When Is the Safest Time to Go to a Hospital?
Hint: Avoid nights, weekends and holidays
Having surgery is scary enough without having to worry about exhausted surgeons, brand-new residents still green behind the ears and specialists who are off for the day. But the reality is that hospitals, like any business, have times when they’re at the top of their game — and times when they’re not.
According to a 2014 study from the American Heart Association, heart attack patients who arrive at a hospital on weeknights, weekends and holidays have a 13 percent greater risk of dying compared to those who arrive during regular weekdays. And an artery-opening procedure called angioplasty took 16 minutes longer to arrange.
Researchers explained that the catheterization lab (where angioplasty procedures are performed) is closed off-hours, and doctors off site may have to drive to the hospital to prepare the lab and set up the equipment.
Changeover in staffing may slightly undermine safety as well. In 2011, researchers at the University of California-San Francisco reviewed 39 studies related to end-of-academic-year turnover among doctors-in-training. Researchers found a 4.3 to 12 percent increase in deaths and a 0.3 to 7.2 percent decrease in efficiency of care at those transition points.
The best time to go
So if you’re scheduling a surgery in advance, when is the ideal time to have it?
“When is it safest to go to a hospital is a nuanced question,” says Seth Goldstein, MD, a surgical resident at Johns Hopkins Hospital in Baltimore and author of a 2014 study assessing times when surgeries on children are safest. “It has to do with levels of staffing, expertise, familiarity with certain problems and availability of resources such as radiology, pathology and laboratory equipment.”
Obviously, people can’t choose when to be sick — and no one should avoid getting hospital care when she needs it, says Goldstein. Variations in safety at certain times are small, he notes. But when planning non-emergency procedures, people can the following take steps to help make their hospital stays safer.
Avoid July. In July, the older, more experienced residents leave and new, less experienced ones take over. Let your doctor know your concerns and ask him when hospital staffing and efficiency are best.
Avoid nights and weekends. If you feel sick on the morning of a weekday, don’t wait until after hours to get help. “No one wants to work weekends or nights, so that’s when hospitals tend to be understaffed,” says Goldstein. “You’re putting yourself in the hospital when it’s less equipped to handle things.”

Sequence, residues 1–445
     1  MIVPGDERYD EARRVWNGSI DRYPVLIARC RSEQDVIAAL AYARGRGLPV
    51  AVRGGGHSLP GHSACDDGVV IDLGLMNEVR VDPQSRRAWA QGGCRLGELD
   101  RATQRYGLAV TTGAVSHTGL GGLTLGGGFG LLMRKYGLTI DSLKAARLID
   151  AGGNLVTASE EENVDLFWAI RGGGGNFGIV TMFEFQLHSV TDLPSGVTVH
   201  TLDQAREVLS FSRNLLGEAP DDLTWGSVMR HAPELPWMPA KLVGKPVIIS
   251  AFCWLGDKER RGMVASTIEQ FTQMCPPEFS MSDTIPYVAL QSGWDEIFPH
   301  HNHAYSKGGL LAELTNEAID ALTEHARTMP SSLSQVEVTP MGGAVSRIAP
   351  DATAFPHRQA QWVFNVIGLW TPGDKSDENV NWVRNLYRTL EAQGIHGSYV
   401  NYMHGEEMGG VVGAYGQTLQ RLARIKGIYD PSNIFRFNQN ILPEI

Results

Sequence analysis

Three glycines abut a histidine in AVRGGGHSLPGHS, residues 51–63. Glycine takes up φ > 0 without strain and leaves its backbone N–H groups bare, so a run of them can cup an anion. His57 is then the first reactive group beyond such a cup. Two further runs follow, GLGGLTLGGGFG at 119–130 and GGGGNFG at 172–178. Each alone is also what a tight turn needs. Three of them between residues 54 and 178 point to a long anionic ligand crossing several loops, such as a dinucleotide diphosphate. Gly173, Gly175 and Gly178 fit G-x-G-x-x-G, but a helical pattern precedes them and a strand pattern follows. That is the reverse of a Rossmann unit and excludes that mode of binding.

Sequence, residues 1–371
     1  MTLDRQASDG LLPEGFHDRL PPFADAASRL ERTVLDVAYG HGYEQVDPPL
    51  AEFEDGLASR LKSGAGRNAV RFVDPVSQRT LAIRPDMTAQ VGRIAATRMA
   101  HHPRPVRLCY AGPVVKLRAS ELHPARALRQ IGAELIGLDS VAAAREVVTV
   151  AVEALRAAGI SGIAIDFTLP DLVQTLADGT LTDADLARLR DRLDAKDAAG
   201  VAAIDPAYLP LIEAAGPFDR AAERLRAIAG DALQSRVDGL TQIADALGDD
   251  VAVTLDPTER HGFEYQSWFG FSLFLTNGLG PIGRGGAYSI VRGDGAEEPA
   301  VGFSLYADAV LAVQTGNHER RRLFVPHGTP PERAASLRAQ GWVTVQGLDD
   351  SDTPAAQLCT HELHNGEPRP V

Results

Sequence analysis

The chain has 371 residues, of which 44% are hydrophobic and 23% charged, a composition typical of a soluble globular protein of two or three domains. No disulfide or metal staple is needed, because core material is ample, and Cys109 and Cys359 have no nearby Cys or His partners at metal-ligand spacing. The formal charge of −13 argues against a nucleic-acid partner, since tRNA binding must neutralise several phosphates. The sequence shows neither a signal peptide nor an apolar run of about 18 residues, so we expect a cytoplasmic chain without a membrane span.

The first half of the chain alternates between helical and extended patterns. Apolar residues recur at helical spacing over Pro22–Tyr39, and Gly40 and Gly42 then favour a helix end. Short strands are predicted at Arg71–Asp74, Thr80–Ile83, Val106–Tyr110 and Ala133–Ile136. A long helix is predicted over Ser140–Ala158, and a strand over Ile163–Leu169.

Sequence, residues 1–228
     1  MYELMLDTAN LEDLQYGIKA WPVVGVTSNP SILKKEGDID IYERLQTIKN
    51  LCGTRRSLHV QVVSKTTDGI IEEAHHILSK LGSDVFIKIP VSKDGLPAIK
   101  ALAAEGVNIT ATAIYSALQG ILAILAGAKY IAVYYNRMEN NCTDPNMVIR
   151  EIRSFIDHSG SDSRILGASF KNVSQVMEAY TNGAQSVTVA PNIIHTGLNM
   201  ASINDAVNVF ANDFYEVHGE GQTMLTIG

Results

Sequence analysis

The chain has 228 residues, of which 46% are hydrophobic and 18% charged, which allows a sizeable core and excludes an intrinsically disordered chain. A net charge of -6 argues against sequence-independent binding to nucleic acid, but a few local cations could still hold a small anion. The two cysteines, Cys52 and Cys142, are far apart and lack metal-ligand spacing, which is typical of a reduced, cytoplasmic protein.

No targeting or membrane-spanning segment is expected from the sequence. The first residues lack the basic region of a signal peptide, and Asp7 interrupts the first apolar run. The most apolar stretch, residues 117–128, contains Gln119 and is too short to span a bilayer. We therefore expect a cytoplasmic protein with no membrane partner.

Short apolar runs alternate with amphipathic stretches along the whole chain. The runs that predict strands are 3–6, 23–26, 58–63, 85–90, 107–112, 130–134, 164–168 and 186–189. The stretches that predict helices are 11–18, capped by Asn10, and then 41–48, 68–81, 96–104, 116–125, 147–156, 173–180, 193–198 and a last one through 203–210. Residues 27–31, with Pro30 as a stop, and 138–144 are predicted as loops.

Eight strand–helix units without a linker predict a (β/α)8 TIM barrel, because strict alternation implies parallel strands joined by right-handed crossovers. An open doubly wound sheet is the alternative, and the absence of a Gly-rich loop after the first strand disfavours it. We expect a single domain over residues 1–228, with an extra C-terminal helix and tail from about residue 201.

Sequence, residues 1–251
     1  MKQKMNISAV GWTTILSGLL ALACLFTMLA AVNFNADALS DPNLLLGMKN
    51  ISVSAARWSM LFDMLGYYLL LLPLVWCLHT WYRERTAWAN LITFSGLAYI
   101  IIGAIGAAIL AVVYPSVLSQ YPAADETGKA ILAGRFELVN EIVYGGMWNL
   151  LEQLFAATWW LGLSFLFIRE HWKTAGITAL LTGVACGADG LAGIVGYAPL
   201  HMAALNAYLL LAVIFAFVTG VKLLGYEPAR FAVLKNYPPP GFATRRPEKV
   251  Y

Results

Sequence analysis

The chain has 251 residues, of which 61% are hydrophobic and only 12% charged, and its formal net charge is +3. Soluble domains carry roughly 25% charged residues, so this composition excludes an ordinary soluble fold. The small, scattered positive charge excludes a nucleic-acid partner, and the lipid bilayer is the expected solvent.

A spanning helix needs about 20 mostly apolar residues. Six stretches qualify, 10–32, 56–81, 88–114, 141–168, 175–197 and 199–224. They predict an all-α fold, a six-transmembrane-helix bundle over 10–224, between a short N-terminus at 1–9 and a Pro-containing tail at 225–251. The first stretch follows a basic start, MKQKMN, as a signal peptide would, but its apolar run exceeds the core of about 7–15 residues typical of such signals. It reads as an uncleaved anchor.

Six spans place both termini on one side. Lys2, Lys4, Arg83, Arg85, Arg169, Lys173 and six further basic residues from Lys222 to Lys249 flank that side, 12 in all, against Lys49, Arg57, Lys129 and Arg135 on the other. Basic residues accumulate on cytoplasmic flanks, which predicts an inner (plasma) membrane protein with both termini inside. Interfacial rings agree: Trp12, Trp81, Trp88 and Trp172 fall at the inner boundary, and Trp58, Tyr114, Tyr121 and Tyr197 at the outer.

Don’t use the ER as a clinic. “It’s safer to go to your primary care physician because hospital ER doctors don’t know you,” says Goldstein. “ER physicians are particularly fearful of missed injuries so they also give more labs and tests, and every test has a potential for consequences.”
Get your flu shot. Everyone should get a flu shot at the start of fall flu season whether they’re going into the hospital or not, says Goldstein. A 2010 study at the University of Michigan found that having or catching the flu increased risk of death by .5 percent, more than the risk of weekend admission (.32 percent) and high numbers of hospital patients (.24 percent).
Take a friend. “In a hospital, you’re sick and nervous,” says Goldstein. These factors “can make memory recall particularly poor. Have an advocate you trust who can do some fact-checking and remind you of advice you’re given by your doctor.”
Ask your friend to keep notes on who’s been in the room, what tests or medications have been ordered, what’s been done (tests, procedures) and whether you’ve gotten test results. Ask her to track even your vital signs such as blood pressure so that she can let your nurse or doctor know of any significant change.
Head off medication mistakes. For instance, take copies of your medication and supplement list with you and hand one to each doctor who prescribes a medication for you. You’ll lower the risk of drug interactions. In addition, ask your doctor what each medication is for, why you’re taking it, what side effects to expect and what to do if you miss a dose.